As Samsung's bitter bitter legal battle with Apple over mobile technology patents drags on, you'd never expect a top Samsung exec to admit something like this.
"I use a Mac, actually, at home. I’ve always used Mac, an iPhone, and an iPad," said Young Sohn, Samsung's chief strategy officer, in an interview with MIT's Technology Review.
That's right: While Samsung might have to pay Apple $1.05 billion in damages (and possibly more, if Apple gets its way) for infringing on some of the iPhone-maker's design patents, and while Apple tries to block the sale of some Samsung-made tablets and smartphones in the U.S. and elsewhere, Samsung's tactical guru is kicking back at the end of a long day to watch some Netflix on his iPad -- a device Apple once claimed Samsung "slavishly copies."
Young Sohn, how could you?
Hired by Samsung in August, Sohn revealed to Tech Review that he was an Apple gadget user long before he joined the South Korea-based electronics giant. "At work I’m using Samsung devices; Apple at home, mainly because all of my systems and files are done that way," said Sohn. "That’s sticky, you know? However, I did figure out how to sync all of my contacts and all of my schedules between the two different systems. You can do it. It’s a bit of work, but it is possible."
It seems odd that one of Samsung's top brass would openly admit batting for both teams. Especially since such rivalries have been known to spill over into employee's home lives. Microsoft founder Bill Gates, for example, told Tom Brokaw in 2008 that he wouldn't store any of his personal music on one of Apple's iPods. "I use what is called a Zune," he told Brokaw.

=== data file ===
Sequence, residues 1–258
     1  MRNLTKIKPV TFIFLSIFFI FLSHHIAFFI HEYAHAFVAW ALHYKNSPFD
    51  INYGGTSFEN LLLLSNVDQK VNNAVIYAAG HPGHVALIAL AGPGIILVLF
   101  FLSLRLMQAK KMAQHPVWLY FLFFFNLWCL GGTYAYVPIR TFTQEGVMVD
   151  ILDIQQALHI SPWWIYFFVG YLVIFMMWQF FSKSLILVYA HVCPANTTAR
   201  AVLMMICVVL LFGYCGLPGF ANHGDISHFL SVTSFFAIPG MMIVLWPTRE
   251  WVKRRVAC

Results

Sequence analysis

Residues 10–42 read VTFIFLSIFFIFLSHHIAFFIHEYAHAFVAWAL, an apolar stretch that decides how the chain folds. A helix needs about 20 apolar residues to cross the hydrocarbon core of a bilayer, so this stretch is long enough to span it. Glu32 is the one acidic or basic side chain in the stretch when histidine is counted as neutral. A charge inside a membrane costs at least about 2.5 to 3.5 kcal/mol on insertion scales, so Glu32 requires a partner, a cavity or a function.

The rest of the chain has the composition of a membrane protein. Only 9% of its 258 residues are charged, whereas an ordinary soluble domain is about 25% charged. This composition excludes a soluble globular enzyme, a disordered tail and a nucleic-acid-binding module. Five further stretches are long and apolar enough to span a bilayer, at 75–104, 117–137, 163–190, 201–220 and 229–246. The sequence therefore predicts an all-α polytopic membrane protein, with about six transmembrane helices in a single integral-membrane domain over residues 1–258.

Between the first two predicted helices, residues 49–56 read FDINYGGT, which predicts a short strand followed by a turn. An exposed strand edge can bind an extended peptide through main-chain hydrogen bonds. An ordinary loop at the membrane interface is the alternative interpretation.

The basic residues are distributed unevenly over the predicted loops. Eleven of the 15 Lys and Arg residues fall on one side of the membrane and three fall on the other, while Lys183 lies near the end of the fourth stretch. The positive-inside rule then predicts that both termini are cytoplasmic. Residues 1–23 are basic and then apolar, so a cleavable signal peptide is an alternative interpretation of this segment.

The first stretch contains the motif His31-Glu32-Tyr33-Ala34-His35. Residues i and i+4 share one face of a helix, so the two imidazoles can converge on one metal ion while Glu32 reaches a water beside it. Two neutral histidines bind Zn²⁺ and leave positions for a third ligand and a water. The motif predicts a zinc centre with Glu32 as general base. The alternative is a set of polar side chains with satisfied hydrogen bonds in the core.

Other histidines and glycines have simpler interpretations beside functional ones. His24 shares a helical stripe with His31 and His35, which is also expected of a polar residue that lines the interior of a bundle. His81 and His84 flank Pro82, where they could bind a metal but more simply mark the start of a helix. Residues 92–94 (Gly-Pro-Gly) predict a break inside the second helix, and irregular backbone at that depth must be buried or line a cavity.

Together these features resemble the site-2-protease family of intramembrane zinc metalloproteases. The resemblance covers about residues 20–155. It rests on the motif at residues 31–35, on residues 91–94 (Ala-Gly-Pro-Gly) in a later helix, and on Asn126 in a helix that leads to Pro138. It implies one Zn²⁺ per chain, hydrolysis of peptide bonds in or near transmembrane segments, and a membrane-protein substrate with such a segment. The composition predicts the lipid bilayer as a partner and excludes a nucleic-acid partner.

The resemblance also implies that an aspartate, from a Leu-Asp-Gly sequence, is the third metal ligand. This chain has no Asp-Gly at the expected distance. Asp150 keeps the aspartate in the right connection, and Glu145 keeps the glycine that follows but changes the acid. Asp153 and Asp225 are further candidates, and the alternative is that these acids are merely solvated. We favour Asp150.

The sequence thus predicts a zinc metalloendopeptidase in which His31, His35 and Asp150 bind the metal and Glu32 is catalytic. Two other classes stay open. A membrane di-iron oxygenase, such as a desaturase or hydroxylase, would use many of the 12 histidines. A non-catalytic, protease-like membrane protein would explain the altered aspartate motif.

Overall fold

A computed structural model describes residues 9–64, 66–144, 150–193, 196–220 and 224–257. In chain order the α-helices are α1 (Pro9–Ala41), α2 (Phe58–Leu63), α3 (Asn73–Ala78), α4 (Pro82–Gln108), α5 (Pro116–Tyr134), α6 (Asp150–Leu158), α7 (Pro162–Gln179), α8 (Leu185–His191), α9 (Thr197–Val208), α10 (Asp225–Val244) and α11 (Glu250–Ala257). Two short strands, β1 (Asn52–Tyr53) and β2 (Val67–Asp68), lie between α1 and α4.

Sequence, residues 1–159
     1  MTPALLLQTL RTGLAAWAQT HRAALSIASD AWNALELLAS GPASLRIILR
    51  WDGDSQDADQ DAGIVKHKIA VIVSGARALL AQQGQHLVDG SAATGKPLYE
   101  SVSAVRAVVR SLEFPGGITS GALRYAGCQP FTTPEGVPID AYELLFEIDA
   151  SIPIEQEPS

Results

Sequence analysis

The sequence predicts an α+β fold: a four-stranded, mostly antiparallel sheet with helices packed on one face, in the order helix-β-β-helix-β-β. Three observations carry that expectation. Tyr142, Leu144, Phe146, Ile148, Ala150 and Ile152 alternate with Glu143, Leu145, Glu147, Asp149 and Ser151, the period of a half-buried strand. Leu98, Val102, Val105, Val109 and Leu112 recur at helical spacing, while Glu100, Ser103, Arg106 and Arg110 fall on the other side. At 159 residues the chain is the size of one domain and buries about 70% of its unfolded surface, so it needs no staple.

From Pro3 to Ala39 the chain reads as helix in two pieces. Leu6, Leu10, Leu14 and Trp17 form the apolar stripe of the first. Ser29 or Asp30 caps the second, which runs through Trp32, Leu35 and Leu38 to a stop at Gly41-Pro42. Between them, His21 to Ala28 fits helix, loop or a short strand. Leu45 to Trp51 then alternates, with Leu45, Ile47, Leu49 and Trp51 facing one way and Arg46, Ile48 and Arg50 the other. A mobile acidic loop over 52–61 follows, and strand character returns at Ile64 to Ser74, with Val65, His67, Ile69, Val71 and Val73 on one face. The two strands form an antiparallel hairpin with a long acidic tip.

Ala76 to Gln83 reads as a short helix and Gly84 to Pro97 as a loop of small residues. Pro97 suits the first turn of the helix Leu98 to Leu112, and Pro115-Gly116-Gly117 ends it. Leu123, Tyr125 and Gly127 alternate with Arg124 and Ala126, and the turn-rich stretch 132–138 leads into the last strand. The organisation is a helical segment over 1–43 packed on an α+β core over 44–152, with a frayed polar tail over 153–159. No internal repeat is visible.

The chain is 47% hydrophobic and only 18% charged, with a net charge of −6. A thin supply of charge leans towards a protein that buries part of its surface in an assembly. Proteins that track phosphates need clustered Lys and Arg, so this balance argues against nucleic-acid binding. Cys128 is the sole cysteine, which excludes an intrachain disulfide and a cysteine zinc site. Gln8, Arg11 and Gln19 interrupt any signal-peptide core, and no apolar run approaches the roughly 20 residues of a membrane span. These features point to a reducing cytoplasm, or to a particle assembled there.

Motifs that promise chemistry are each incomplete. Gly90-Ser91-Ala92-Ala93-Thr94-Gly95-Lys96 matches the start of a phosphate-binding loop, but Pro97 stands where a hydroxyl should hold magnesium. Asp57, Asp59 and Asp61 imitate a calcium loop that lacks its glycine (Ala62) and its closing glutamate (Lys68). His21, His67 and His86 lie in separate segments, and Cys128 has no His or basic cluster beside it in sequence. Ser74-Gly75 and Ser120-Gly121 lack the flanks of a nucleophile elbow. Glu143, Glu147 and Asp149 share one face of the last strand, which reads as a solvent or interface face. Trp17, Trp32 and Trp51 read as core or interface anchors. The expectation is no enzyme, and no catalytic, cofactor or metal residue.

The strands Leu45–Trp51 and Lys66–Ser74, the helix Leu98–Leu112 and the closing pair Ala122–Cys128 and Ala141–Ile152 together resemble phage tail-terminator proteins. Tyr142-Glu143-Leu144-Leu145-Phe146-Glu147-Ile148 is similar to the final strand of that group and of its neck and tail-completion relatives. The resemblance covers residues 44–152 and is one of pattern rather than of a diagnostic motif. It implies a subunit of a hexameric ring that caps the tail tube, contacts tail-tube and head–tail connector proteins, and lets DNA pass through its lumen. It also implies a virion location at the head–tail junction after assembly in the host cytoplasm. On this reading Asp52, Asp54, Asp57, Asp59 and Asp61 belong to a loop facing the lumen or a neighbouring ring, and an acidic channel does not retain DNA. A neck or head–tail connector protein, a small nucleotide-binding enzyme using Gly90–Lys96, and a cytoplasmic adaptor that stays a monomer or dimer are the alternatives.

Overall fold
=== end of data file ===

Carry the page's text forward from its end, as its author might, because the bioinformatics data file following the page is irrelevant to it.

Gate's wife Melinda told the New York Times Magazine that she doesn't let her kids use Apple devices, either. "Nothing [made by Apple] crosses the threshold of our doorstep," she insisted.
There's a similar anti-Apple vibe felt within the Microsoft offices, too. Several Microsoft employees, for example, dished to the Wall Street Journal in 2010 about how they have felt pressured on multiple occasions to dump their iPhones (or disguise them so execs won't recognize the Apple-branded tech), and how CEO Steve Ballmer has strongly hinted that employees should be seen carrying around handsets running Microsoft's Windows Phone software.
"Maybe once a year I'm in a meeting with Steve Ballmer," one Microsoft employee, an iPhone user, told the Journal. "It doesn't matter who's calling, I'm not answering my phone."
Maybe Samsung execs aren't sticklers for reinforcing rivalries when it comes to its workers' personal devices. But things might get awkward if Young Sohn invites one of his bosses over for dinner and leaves his iPad laying around.